Mail: Letters to the Editor, The Wichita Eagle, 330 N. Mead, Wichita, KS 67202

E-mail: letters@wichitaeagle.com

For more information, contact

Kirk Seminoff at 316-268-6278, kseminoff@wichitaeagle.com.

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NC offensive tackle visiting four schools during spring break

Charlotte (NC) Mallard Creek offensive tackle Parker Moorer has already landed nine verbal scholarship offers, including Power Five tenders from West Virginia, Maryland and Louisville.

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Louisville was the first program to extend an offer in January.

Over his spring break, the 6-foot 5-inch, 265-pounder plans to hit the road and check out four programs.

“This spring break I’ll be visiting Virginia Tech, West Virginia, Maryland, and East Carolina,” Moorer told 247Sports.

Virginia Tech has not extended a scholarship offer to date.

This month, Moorer has landed offers from Marshall and Temple.

Virginia Tech currently holds four commitments in the 2019 class.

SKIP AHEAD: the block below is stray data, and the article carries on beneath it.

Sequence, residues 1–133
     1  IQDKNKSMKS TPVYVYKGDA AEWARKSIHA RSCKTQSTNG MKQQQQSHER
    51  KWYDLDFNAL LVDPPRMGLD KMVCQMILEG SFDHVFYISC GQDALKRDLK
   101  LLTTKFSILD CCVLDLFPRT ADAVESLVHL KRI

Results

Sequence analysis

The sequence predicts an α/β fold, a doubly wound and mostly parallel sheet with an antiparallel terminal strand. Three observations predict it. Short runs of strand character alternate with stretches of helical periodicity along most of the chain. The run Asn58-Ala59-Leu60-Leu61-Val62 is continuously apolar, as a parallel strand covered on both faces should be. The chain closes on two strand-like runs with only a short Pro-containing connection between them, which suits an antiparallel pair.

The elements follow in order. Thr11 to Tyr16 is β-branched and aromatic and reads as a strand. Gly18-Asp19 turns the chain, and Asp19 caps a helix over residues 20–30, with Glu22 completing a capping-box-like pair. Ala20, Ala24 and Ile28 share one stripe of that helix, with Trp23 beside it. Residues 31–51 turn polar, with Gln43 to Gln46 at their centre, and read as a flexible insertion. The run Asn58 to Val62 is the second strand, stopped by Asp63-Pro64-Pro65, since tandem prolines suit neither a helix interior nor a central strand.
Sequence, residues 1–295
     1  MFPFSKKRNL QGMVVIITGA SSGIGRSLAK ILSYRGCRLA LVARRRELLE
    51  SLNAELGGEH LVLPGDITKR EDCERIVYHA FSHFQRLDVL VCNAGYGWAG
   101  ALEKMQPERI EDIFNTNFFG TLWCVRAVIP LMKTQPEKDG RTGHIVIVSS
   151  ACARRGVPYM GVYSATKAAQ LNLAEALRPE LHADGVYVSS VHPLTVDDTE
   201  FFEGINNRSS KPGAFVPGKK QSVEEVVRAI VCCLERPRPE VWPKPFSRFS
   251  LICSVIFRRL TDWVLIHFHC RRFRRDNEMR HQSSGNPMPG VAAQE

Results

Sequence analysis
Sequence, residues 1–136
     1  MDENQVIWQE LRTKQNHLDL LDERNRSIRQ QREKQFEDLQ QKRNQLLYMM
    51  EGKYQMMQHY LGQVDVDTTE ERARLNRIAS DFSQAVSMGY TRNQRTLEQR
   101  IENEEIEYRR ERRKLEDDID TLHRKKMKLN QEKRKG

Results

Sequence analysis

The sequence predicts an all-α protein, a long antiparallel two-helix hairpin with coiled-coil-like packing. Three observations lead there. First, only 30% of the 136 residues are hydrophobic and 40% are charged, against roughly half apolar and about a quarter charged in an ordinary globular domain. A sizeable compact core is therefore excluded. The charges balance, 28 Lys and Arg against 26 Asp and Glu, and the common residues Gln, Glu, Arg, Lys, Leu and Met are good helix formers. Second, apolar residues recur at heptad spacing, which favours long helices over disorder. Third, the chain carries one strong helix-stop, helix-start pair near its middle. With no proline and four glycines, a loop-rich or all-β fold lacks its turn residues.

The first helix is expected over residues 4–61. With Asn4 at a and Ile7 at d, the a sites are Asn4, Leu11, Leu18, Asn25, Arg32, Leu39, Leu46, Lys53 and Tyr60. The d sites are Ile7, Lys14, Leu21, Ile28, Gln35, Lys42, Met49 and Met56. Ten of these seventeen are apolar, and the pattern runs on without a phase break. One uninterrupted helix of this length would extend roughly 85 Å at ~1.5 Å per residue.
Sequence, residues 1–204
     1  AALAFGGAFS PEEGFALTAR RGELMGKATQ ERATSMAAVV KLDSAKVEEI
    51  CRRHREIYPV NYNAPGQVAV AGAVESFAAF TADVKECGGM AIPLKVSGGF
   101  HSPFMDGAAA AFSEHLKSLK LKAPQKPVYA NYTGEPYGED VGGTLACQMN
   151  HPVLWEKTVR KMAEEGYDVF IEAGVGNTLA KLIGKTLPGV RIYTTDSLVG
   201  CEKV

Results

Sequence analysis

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To save neighborhoods with character, Charlotte may block tiny homes

CHARLOTTE, N.C. – Charlotte’s planning staff is studying an idea that could block some new development in existing neighborhoods to protect their character.

“10x Better Than Social Security Checks” Must Stake Claim by April 1

It’s a move that residents in some fast-changing Charlotte neighborhoods might welcome, but one that others worry could stymie affordable housing.

Called “neighborhood character overlay districts,” the idea is still in the early stages. Planning staff presented the idea to Charlotte City Council’s Transportation and Planning Committee last month.

“It’s an interesting concept that would be new to our area,” said Greg Phipps, chairman of the committee. Staff plans to study the proposal and figure out how to move forward within 90 days, Phipps said Monday at a City Council strategy session.

Phipps said a proposed “tiny house” development called Keyo Park, in the Coulwood area of west Charlotte, sparked interest in the character districts. Neighbors are concerned that the 500-square-foot homes would damage their property values.